Patty (woodycakes) wrote,

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Movie Raving: The Girl with the Dragon Tattoo

Hey Hey! [Rooney Mara Source]
I know, I just had Rooney Mara on before the cut on my last post, but I couldn't help it. I finally got to see The Girl with the Dragon Tattoo a year plus after I finished the book and well, I liked it. A lot. I came into it, trying to put the Swedish version of the film out of my mind, trying not to compare them, but I couldn't and what surprised me was how I liked them both in different ways.

I'm glad I did this in the order in which I tackled it, Swedish film, then read the book then English adaptation. Now, all I need is for David Fincher, Daniel Craig and Rooney to sign on for the next two sequels and I'll be set. Yup, I was that impressed.
Photos courtesy of Rooney Mara Source
This beautifully taut and terrifying thriller is faithful to its source in just about every way that matters. [Philadelphia Inquirer]
Let's start off by saying how I appreciated that we saw different elements from the book that weren't included in the movie. You can't blame the book for leaving out some details but it compressed so much of it into the movie, I didn't have time to think, "what else did they miss out on?" because they gave me so much already.

I liked seeing the softer side of Mika, doting on his daughter. I really liked reading about Mika as a dad in the book (albeit an absent one) so seeing his religious-ish daughter give him a visit and how uncomfortable he was when she prayed. Plus, it was nifty to have her solve a huge bit of the mystery for him.

I also loved seeing how 'affectionate' Mika could be with Lisbeth. Sure, it was Lisbeth that initiated their encounters, but as they got closer, it was nice to see Mika grow into whatever kind of relationship it was they had. Unfortunately, it was apparently not so clear with Lisbeth what they were so it was fun to see Lisbeth get 'jealous' over Erika and throw away her expensive friend-gift. I would have taken it.

Photos courtesy of Rooney Mara Source
This film has two of Fincher's happiest trademarks: It's full of information and stretches over a remarkably long time (165 minutes), yet it's neither confusing nor overextended. [Charlotte Observer]
And despite the crazy length, I didn't actually feel it was long because the storytelling was particularly great. Maybe because I already knew details beforehand, but I felt like it unfolded on an easier to grasp level. Sure, it wasn't as suspenseful (to me, at least) but I got so many more details out of it -- from the flashbacks, to the way they uncovered details about the deaths -- and I appreciated their investigation more.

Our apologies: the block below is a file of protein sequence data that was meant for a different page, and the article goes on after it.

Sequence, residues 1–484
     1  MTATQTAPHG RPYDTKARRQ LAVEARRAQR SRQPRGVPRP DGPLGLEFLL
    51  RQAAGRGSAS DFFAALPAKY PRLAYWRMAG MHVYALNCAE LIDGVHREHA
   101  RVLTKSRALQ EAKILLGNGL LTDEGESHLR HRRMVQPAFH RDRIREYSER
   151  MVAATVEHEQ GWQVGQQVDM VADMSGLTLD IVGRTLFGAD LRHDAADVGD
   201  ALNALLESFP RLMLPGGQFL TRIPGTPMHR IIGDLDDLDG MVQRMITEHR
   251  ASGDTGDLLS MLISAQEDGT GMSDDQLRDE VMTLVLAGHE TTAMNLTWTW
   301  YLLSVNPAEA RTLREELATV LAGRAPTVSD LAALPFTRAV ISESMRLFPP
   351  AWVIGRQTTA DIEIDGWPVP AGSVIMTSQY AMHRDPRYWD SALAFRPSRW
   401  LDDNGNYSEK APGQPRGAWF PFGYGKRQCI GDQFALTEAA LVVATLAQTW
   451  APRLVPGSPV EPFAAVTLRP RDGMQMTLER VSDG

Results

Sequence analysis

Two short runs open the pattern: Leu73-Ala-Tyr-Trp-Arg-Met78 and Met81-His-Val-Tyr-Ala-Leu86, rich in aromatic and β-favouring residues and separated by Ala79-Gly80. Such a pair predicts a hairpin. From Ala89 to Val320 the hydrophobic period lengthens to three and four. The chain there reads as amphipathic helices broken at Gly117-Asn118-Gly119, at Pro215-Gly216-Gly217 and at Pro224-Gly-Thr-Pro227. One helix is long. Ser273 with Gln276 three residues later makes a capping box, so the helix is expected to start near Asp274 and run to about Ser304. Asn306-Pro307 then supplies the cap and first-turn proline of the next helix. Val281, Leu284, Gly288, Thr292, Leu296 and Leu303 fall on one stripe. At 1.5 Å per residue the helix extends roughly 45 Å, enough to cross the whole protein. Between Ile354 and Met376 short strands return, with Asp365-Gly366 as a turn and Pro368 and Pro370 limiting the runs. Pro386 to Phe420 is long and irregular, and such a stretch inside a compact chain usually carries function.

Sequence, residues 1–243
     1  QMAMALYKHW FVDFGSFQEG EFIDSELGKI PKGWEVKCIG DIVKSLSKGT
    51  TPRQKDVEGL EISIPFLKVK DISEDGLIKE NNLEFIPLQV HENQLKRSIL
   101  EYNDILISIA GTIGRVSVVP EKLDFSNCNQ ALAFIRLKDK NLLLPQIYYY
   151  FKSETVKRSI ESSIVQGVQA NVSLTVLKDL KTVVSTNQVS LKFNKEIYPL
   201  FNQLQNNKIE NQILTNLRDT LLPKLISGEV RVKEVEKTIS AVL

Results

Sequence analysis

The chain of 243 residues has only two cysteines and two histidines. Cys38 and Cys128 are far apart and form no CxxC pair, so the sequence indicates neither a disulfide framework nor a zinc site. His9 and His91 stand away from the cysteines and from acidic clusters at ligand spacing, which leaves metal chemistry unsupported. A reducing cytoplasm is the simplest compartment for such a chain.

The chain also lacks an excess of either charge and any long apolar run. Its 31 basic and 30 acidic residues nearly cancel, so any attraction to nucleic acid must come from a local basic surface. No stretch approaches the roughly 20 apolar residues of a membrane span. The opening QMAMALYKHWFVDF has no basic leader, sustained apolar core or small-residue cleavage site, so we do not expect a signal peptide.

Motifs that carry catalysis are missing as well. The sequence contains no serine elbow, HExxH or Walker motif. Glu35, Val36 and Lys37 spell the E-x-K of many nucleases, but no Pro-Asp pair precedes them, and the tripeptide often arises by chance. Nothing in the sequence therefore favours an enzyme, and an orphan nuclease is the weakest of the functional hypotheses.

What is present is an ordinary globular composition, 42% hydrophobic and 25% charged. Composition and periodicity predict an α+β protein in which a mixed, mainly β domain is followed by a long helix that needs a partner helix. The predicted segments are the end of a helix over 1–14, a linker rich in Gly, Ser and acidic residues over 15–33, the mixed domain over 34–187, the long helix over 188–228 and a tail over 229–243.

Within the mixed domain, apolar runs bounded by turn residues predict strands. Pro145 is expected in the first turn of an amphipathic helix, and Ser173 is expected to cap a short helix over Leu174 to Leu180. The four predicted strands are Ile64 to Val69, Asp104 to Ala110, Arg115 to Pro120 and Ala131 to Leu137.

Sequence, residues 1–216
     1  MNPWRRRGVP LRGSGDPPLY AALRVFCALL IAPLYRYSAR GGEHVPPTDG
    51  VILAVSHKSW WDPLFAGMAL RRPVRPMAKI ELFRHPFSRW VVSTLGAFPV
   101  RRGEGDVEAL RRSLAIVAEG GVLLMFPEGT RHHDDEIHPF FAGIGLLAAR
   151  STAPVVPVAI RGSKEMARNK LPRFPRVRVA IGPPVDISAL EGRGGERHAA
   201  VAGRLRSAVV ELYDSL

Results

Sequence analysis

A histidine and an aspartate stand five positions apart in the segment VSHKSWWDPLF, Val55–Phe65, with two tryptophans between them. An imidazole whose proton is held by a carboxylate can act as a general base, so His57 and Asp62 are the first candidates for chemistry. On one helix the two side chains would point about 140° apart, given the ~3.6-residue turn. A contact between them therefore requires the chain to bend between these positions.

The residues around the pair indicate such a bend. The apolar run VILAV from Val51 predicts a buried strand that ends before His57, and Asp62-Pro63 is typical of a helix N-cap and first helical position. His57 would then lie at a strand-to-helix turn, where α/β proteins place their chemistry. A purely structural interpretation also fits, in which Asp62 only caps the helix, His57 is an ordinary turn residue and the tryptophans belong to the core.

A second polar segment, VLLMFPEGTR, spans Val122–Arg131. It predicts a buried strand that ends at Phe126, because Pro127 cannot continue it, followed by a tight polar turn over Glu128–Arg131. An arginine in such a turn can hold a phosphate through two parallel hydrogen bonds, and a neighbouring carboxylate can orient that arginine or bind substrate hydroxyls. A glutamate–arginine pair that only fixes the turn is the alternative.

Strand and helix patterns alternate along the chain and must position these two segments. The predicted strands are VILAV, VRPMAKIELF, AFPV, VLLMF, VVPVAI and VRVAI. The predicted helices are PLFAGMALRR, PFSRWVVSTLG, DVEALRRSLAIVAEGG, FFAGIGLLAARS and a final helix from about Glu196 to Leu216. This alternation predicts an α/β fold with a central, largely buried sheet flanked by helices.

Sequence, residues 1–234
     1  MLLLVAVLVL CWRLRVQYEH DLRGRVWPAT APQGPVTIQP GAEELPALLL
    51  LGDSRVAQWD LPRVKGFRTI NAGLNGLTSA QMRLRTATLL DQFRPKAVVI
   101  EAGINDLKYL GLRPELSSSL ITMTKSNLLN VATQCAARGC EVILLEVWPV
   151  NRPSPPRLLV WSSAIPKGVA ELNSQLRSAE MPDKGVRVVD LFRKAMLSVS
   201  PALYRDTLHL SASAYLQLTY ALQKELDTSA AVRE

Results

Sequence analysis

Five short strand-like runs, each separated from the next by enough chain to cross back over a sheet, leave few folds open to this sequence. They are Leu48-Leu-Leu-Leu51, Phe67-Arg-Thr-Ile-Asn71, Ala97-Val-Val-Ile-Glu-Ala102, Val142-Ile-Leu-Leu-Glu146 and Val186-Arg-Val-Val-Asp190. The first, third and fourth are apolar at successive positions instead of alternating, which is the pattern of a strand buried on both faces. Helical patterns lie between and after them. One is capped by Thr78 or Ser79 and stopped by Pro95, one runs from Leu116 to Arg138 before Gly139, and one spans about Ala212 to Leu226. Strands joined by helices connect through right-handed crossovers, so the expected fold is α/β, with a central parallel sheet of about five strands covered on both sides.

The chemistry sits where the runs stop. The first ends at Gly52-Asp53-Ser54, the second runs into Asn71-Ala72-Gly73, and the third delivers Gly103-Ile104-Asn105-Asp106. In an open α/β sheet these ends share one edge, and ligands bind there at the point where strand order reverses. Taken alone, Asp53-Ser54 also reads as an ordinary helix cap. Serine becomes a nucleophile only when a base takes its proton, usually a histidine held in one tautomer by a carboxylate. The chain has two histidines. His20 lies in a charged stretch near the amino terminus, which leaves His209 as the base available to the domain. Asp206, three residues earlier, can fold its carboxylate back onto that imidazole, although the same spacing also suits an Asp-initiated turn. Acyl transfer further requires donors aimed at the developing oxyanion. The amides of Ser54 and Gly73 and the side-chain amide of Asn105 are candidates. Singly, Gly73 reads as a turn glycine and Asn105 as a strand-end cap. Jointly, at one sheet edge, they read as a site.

They even threw us a bone and gave us the entire Wennerstrom affair and how they solved it. Sure, it got a tad over-extended in the end there, but perhaps it was because I was expecting an ending like the Swedish version that left me wanting more. No doubt, I want the sequel from this one stat, but at least we sort of saw some closure before the credits rolled.

Shout out to the other cast members as well. From Captain Von Trapp Christopher Plummer, the man I want my grandpa to be who did Henrik Vanger so well to Robin Wright, who's accent was so damn spot on; to Stellan Skarsgård who now creeps the hell out of me, even if I loved him so much in Mamma Mia; to Joely Richardson who pulled off a great and really classy Anita (I see you sleeping with Mika now!); to Embeth Davidtz whom I didn't get enough of as Mika's sister Anika; and even Goran Visnjic who makes me wish there were more Armansky and of course, the two-second appearance of Holder Joel Kinnaman whom I'm so looking forward to seeing more of as Christer in the next two movies (yes, the icon makes sense).

Of course, Daniel Craig looked marvelous in his eyeglasses and the many ways he balanced it off his face. I loved the Swedish!Mika but when I read that Craig was taking on the role, it took on a whole new meaning for me, because really, Mika in briefs, and the glasses and even being tortured, he was hot, which is incentive enough for some people (I'm looking at you, jamypye).

Photos courtesy of Rooney Mara Source
Chemistry is one of the few things left filmmakers can't fake with CGI, and the dynamic between Craig and Mara in The Girl with the Dragon Tattoo is so sensational, it instantly propels the movie beyond glossy, high-toned pulp into something far more affecting. [Miami Herald]
The real treat would have to be Rooney's portrayal of Lisbeth though. The nominations she's been getting left and right could have snowballed from all the media frenzy this movie is getting, but I'd like to give her credit for really becoming Lisbeth. I was in love with Noomi Rapace's take on the role but Rooney brings her own style to it and her own flavor and I love it too. Her relationship with Holger Palmgreen and even Dragan Armansky are so nuanced and I can't wait to see how she brings her bad-assery to when we meet Zalachenko in the next two movies.

Needless to say, I thoroughly enjoyed the movie and will probably want to do a re-read/rewatch of the Swedish version, this one and the book just for more fun times. Will she win the Oscar? Of course not, or at least it's highly doubtful, but what a way to make a splash indeed. Sure, she'll be known for this role forever and will be benchmarked by it, but it's not a bad way to be remembered.

Kudos to Fincher and the screenwriter Steven Zaillian who adapted it from the book (he wrote Schindler's List too, no wonder) for the job well done. I'm really looking forward to another rewatch, so let's hope I can block off some time soon. This is me, trying to catch up as always. Let's see if I can make up for it (considering it's only January).

Even More Movie Raving:
Ides of March
The Twilight Saga: Breaking Dawn 1.0
Tags: movies, rooney mara
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